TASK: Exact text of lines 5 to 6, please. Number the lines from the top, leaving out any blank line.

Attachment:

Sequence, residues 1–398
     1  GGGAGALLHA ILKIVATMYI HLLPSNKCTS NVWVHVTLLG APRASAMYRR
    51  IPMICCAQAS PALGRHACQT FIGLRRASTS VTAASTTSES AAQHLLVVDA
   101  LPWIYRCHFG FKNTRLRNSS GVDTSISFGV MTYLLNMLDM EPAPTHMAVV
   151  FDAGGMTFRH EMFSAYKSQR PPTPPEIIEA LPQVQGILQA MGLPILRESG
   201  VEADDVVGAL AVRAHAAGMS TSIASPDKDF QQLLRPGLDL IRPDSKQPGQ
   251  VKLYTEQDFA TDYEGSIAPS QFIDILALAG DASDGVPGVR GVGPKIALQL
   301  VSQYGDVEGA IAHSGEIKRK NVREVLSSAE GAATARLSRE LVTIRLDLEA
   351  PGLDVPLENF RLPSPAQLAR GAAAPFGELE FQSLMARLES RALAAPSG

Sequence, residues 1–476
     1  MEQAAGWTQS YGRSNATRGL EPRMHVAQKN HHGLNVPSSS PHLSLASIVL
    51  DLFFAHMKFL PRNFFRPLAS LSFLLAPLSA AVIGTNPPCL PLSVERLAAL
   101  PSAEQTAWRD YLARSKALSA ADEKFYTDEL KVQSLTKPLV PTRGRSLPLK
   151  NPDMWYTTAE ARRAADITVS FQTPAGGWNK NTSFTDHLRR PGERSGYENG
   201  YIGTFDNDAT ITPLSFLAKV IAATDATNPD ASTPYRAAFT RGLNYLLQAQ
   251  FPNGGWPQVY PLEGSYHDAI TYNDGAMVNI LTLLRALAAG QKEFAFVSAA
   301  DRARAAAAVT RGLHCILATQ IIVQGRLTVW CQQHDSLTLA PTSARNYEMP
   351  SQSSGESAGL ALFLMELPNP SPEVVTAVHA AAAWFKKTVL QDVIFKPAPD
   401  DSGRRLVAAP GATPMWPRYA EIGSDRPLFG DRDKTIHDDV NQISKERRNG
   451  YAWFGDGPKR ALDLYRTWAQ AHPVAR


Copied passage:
   151  FDAGGMTFRH EMFSAYKSQR PPTPPEIIEA LPQVQGILQA MGLPILRESG
   201  VEADDVVGAL AVRAHAAGMS TSIASPDKDF QQLLRPGLDL IRPDSKQPGQ